In recent months lockdown rules saw many couples hastily make the decision to move in together without fully considering the legal implications of what it means to be in a cohabiting relationship.

Cohabiting
Do the right thing and cover yourself legally when cohabiting

When the going is good, living with your partner can be great, offering a chance to get to really know each other, but what happens if things turn sour?

As with anything in life, nothing is ever simple when you want to make a swift exit. When the relationship does come to an end; you don’t even need to be married, simply cohabiting can throw up legal implications that you’d perhaps not even considered before.

Knowledge is power and so we spoke to legal experts to give us the downlow on all things cohabiting and your rights when it comes to breakups.


What does cohabiting even mean?

Cohabitation is a situation in which two people are living together unmarried but in a sexual or intimate relationship.

In most cases, as a cohabitant, you’ll have fewer rights than someone who is married. Couples who live together are often referred to as common law partners, but this is just another fancy name for cohabitants.

As unromantic as it sounds, if you’re wanting to ‘cover your back’ you may wish to get a living together agreement, otherwise known as a cohabitation agreement—this should also be accompanied by a declaration of trust, which acts as a signifier of how any property should be shared should the relationship break down.

Cohabitation is a situation in which two people are living together unmarried but in a sexual or intimate relationship.

What about the money situation?

In terms of bank accounts, things are fairly self-explanatory. If you and your partner live together and have separate bank accounts, then the accounts are exactly that—separate. Neither of you can gain access to the other’s account unless you are named on that account.

If, however, the bank account is in both names, then either party can exercise full control over the account unless stipulated otherwise in the terms of agreement with the bank or building society.

In regard to debt, you will only be responsible for anything in your name. For any debts that have been taken out in joint names, however, you will be liable—as goes for any debts that you have acted as a guarantor.

In effect, if your name hasn’t been used, you won’t be affected!

However, many couples who aren’t married and cohabiting choose to share a joint bank account. Generally, each individual has the right to withdraw from the account any amount that is in the account. Usually, if a relationship ends, the amount left in the joint account is shared between partners. If one partner never used the account, whether paying or withdrawing, they may have trouble claiming any rights to it. Always seek expert advice if you’re not sure.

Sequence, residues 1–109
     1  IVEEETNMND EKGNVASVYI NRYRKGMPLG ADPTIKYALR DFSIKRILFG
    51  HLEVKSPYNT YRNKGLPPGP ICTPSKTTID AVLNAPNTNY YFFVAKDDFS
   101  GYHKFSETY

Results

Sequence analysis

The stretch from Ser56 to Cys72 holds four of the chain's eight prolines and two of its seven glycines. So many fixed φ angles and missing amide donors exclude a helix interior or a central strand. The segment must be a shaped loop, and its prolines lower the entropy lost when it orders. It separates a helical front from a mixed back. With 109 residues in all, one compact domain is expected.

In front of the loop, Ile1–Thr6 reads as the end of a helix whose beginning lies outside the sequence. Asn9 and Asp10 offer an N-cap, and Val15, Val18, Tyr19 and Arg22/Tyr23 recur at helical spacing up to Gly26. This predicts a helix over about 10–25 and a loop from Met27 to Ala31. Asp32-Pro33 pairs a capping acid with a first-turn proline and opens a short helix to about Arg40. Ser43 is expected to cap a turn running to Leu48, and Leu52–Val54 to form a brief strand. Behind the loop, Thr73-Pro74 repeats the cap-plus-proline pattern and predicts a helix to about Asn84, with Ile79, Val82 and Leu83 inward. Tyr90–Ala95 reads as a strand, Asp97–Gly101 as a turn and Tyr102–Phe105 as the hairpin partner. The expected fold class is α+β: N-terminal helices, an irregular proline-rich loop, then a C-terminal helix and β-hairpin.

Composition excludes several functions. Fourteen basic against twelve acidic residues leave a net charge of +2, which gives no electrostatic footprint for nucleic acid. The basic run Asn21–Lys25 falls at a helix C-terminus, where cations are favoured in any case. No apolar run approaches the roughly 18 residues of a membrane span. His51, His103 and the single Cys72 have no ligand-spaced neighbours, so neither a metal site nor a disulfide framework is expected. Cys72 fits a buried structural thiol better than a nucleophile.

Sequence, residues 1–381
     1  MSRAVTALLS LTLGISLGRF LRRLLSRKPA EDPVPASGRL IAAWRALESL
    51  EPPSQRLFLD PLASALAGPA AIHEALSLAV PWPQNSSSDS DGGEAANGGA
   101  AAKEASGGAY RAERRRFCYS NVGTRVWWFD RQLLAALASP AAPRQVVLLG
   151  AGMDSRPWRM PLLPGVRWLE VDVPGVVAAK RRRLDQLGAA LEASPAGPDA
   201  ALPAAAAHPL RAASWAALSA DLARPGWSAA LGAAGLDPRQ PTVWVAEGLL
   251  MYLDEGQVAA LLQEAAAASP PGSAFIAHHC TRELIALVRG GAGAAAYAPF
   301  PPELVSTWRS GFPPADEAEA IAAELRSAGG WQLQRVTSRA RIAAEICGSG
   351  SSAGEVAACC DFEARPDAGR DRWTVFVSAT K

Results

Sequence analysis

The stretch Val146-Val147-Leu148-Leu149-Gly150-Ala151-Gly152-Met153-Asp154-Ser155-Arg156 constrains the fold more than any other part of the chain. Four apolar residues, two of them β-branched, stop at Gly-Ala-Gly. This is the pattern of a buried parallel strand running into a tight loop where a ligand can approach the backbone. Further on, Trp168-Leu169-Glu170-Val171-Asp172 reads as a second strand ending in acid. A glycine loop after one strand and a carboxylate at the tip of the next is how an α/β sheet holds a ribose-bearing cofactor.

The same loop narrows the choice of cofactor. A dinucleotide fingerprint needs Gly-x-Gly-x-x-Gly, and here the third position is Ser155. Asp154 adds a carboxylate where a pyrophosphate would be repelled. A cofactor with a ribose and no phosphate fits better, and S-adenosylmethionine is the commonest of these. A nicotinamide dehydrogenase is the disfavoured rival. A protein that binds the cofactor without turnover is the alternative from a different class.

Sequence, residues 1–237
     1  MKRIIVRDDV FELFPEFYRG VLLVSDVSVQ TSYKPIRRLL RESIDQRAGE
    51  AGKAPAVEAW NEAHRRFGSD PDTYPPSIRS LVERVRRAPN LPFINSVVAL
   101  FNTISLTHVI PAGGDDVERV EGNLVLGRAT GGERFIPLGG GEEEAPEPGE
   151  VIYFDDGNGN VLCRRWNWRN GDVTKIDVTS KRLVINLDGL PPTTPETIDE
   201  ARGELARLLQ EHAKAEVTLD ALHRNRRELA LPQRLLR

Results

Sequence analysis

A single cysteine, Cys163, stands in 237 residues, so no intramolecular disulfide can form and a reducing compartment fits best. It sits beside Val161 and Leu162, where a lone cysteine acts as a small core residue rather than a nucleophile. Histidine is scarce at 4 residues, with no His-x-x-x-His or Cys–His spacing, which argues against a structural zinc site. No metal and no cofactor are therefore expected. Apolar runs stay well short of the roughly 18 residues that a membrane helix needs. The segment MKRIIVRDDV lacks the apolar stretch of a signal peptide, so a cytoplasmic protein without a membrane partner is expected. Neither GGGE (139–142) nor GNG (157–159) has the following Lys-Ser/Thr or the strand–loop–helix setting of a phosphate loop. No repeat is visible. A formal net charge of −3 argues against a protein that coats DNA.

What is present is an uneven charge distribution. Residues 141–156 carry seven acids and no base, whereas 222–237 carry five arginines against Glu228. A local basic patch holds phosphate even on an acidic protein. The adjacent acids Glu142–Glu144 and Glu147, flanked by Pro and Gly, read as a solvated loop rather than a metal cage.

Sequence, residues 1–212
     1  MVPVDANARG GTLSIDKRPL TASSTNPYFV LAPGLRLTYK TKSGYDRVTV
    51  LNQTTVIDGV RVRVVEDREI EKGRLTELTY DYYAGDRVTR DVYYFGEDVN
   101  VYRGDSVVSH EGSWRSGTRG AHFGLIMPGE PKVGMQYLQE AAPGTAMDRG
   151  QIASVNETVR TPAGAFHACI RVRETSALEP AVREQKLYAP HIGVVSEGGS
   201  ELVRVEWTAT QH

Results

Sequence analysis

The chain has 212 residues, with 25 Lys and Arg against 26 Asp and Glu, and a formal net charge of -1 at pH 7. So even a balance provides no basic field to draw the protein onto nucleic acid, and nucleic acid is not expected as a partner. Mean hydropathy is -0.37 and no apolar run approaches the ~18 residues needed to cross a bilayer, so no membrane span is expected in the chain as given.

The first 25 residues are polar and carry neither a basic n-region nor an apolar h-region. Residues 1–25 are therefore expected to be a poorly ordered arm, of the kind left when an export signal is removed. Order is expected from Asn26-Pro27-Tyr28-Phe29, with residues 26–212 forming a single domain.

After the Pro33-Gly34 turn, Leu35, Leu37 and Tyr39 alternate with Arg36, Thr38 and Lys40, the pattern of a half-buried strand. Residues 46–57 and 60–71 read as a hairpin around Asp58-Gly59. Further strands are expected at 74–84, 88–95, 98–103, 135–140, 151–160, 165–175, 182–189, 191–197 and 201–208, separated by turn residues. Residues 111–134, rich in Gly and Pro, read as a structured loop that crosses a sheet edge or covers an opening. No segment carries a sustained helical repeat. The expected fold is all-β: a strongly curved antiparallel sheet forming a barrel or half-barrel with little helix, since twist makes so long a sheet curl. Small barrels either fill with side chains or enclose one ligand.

Housing – my house is your house?

If you aren’t married and your partner is the tenant on a rented property, you’ll usually not have rights to stay in the house. Because of this, it is advisable for both parties to get a tenancy agreement, meaning if you do break up, you’ll have equal rights and responsibilities.

Sole tenancies can be amended to joint tenancies if both the tenant and the landlord agree, which is one way of preventing the inevitable headache caused by rental disagreements.

If you wish to pass your estate on to your cohabitant partner, then you will need to make a will, otherwise they may not receive your property.

Death – get your paperwork sorted

If one cohabiting partner passes away and hasn’t left a will, then their estate will not automatically be assigned to the other partner.

If the two partners jointly own a property, then it will be inherited by the remaining partner.

If you wish to pass your estate on to your cohabitant partner, then you will need to make a will, otherwise they may not receive your property. In certain circumstances, if the surviving partner is able to prove that they will not be able to carry on without additional funds that had not been included in the will, they may be able to claim from the estate via the courts.

What about the children?

Regardless of relationship status, when breakups occur, parents still have to fulfil their duties to their children and act responsibly towards them.

Both parents are financially responsible, and it is preferable that some form of informal arrangements are made between the two parents. If needs be, you can make an application to the court for a child arrangement order or contact family law solicitors for assistance.


So, now you know. Do the right thing and cover yourself legally when cohabiting. If things unfortunately end in a breakup, you’ll be glad you did.

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